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        • I sometimes respond to other folks on blogs that aren’t mine, though I’m wary of doing it too much as it may seem inappropriate. Maybe the blog owner wants to make that response, or maybe my words don’t carry as much authority, or perhaps my view is all wrong for that particular blog. Some of that might come from my working for a lawyer these many years– as a layman, I need to be close-lipped about giving legal advice and that constrains me in strange ways in areas where I may have loads of experience. In the writing realm, I can call myself an author (it’s up there at the top, so it must be true) and maybe people just assume, “it says author, so he must be, though he doesn’t seem to advertise his books very much.” No, I don’t. I haven’t written a complete novel yet. That’s a factor, for me, in commenting to others. Nevertheless, I absorb information well and can reiterate things I may not understand as well as someone who has tread that path. So cross-commenting is something I may do, regardless of my inexperience.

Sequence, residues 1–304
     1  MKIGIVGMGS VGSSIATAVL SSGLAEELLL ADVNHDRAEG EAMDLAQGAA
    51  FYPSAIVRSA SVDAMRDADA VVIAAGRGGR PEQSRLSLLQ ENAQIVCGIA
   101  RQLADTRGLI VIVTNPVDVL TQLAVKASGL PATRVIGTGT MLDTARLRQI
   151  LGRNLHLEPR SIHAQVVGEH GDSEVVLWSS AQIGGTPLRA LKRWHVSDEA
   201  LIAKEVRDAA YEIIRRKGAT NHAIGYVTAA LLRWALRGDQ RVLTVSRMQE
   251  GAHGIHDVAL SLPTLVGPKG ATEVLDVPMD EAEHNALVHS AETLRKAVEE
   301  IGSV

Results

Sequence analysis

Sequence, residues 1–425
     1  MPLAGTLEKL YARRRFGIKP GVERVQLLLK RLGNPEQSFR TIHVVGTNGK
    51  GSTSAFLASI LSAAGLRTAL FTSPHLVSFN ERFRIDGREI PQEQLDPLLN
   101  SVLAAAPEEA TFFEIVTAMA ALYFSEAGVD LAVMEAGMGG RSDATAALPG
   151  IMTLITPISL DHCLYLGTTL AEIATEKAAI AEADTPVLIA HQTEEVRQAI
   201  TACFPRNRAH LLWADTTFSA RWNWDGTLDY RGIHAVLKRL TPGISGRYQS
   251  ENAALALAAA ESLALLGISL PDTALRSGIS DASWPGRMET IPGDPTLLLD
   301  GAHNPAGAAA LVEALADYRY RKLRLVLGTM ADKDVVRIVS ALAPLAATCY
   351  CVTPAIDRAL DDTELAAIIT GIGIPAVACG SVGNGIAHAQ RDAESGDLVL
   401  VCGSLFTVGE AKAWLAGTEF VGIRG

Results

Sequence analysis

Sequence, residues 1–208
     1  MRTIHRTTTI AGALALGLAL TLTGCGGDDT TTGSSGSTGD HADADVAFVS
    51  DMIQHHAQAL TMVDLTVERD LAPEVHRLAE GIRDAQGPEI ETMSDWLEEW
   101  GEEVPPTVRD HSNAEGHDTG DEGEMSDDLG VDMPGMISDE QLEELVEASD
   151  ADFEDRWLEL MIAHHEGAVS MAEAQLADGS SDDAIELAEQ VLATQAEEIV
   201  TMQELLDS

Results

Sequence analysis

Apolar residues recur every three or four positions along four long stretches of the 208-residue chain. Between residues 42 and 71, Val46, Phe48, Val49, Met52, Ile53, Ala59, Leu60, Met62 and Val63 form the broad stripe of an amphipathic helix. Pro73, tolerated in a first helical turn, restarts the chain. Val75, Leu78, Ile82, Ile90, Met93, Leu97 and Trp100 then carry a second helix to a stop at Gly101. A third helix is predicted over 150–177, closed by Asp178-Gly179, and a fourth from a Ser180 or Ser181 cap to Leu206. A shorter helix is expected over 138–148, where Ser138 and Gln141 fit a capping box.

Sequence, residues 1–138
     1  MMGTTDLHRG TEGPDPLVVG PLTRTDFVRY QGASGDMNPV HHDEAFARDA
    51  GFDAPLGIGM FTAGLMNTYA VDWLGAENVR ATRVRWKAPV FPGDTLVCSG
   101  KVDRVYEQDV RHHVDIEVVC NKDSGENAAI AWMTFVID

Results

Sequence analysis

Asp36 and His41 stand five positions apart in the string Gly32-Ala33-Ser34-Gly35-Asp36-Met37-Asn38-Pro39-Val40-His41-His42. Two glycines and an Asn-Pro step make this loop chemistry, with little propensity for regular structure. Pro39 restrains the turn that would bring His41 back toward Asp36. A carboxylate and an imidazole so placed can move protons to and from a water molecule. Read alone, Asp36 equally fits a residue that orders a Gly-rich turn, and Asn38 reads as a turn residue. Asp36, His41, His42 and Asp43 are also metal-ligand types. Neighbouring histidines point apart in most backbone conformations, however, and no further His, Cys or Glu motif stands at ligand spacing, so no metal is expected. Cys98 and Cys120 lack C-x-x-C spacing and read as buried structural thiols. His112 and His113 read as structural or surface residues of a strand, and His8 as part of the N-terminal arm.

I note, in passing, that this post has destroyed the average for comments, in having 13 comments a day for its 3 day lifespan. 😀 At 28 comments (14 of them mine), it’s nearly double the average.

          Liked by 1 person

    • Oh. I love the stats. Bar graphs make me happy. I’m weird that way. The 46,000 follower problem… the problem would be how to parlay that into an income. That many followers, and that’s a job.

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  5. I generally don’t comment if there are already a lot of comments, or if I have nothing to say. I feel like if I can offer some support, encouragement, cheerleadering (I don’t really care if this isn’t a word, I like it), observation, advice, or whatever. If I don’t think I can offer, I don’t comment – that said, I don’t like a post if I haven’t actually read it. I don’t know if I would have posted on this one if I didn’t want to see it hit much closer to your average.

    Liked by 1 person

    • The comments are always skewed by active author responses. So this has about 8 responses from you guys, and 8 responses from me. This is actually about average, I suppose.

      I try to throw help in wherever I can, but I’m like you – if it’s already been said… or if there’s a ton of comments… what are you going to do? It’ll be lost amidst the sea of commenty slushyness.

      Liked by 1 person